SPECIAL EDUCATION VOCABULARY
Accessible Educational Materials (AEM)
Sometimes also referred to as Accessible Instructional Materials (AIM)
Instructional materials—curricula, books, worksheets, etc.—that are modified so that students can better access them. Examples of AEM include Braille, larger print text, and audio format.
For more information on AEM, see the National Center on Accessible Educational Materials's AEM Basics.
A range of equipment that helps individuals with disabilities adapt to daily life, specifically with self-care. As with AT devices, adaptive equipment may run from very simple to something much more complex. Examples include lifts, standing frames, wheelchairs, bath chairs, etc. For more information on adaptive equipment, see the Adaptive Design Association.
Augmentative & Alternative Communication (AAC)
AAC is any form of communication other than oral speech (sign language, facial expressions, text, etc.). AAC devices help individuals who are non-verbal or who have limited speech express their thoughts. Examples include communication books/boards and voice input/output software.
Free and Appropriate Public Education (FAPE)
FAPE is a term used in the Individuals with Disabilities Education Act (IDEA). It means that children who get special education services should get those services at no cost to their families, and that services should be tailored to meet the individual needs of each student. For more information on FAPE, see Understood's At a Glance: Free and Appropriate Public Education (FAPE).
Individualized Education Program (IEP)
A student’s Individualized Education Program (IEP) is an important legal document that outlines the student’s needs and the special education services that he or she is entitled to receive. An IEP team creates the IEP and updates it every year at an annual IEP meeting. For more information, see Advocates for Children of New York's Guide to Special Education [PDF].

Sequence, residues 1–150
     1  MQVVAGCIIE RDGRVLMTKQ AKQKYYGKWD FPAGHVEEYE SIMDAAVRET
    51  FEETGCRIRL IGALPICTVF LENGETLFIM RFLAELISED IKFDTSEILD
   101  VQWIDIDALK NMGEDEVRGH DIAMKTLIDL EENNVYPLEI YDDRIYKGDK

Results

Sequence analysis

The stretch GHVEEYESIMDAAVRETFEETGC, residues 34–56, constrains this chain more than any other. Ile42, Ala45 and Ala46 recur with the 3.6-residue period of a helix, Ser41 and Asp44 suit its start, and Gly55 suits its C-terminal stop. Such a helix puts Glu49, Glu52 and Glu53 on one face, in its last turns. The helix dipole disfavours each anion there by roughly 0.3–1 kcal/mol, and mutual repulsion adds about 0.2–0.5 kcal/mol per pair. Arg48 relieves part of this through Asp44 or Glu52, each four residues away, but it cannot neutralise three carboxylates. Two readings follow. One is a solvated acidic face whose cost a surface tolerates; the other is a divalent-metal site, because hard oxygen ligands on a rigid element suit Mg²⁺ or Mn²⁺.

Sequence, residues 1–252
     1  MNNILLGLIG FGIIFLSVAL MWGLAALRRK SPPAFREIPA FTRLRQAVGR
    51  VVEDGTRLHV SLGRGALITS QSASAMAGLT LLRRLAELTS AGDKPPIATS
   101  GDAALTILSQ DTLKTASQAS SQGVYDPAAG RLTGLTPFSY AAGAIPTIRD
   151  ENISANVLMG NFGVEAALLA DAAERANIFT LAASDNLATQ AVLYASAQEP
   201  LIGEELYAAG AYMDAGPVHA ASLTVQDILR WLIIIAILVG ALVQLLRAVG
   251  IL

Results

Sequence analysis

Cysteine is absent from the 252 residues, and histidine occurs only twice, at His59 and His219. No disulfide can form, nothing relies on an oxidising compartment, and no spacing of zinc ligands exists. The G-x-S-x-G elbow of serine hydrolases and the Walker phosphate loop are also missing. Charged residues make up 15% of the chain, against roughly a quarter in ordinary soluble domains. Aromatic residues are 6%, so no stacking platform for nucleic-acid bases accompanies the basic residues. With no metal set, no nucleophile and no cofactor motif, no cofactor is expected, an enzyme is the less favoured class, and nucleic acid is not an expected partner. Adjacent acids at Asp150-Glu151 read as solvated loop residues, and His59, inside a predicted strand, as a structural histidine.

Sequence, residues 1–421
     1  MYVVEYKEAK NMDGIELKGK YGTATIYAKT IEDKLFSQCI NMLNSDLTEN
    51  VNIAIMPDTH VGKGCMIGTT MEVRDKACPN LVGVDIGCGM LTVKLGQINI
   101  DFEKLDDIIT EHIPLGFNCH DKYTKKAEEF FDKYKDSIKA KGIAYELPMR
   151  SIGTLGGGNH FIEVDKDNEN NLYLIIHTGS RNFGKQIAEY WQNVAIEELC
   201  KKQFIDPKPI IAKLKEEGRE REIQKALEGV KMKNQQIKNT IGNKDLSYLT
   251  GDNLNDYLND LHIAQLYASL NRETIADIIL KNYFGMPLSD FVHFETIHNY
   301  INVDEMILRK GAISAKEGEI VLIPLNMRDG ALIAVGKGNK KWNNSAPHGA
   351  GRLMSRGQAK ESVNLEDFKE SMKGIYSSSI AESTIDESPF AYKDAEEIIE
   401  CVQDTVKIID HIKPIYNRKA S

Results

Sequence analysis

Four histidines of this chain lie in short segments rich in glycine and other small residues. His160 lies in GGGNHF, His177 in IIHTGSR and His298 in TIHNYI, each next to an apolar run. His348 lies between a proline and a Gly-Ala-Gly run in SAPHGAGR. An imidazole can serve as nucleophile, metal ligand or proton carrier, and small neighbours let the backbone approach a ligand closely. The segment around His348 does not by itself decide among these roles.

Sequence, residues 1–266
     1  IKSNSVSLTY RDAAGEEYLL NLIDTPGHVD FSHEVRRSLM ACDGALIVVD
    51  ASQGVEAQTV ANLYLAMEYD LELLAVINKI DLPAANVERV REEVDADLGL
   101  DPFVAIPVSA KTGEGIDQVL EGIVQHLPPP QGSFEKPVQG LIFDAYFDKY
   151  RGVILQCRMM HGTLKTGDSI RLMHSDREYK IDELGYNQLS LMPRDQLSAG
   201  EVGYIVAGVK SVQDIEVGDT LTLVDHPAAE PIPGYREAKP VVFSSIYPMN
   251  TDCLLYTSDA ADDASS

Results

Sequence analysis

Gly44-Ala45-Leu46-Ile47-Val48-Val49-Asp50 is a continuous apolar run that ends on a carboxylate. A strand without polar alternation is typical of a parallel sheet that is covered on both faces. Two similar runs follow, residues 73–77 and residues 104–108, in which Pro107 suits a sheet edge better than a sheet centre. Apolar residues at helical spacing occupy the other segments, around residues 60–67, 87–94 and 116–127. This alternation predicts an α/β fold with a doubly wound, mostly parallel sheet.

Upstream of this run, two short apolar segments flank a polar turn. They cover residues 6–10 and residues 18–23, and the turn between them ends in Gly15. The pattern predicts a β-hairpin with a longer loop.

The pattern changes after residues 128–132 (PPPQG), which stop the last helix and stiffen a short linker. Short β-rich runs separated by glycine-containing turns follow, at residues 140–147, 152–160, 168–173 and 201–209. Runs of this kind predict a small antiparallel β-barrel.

Least Restrictive Environment (LRE)
The term "least restrictive environment" (LRE) comes from the Individuals with Disabilities Education Act (IDEA). It means that to the maximum extent possible, a child with a disability should be educated with his/her non-disabled peers. In other words, your child should receive the supports and services he/she needs to progress academically in the most integrated setting possible.
Related services are defined by the U.S. Department of Education as "developmental, corrective, and other supportive services, including psychological, counseling and medical diagnostic services and transportation." Related services can include assistive technology, speech and language therapy, occupational therapy (OT), physical therapy (PT), counseling, hearing and vision services, orientation and mobility services, and school health services.
Universal Design for Learning (UDL)
Under the Universal Design for Learning concept, schools are expected to offer all curricular material in multiple formats. Text, audio, visual, and hands on formats should all be used so that students who take in information in a variety of ways will have access to the same subject matter. Similarly, proper use of UDL means that students will be able to demonstrate what they've learned through multiple formats as well.
For more information, see the National Center on Universal Design for Learning's What is UDL?.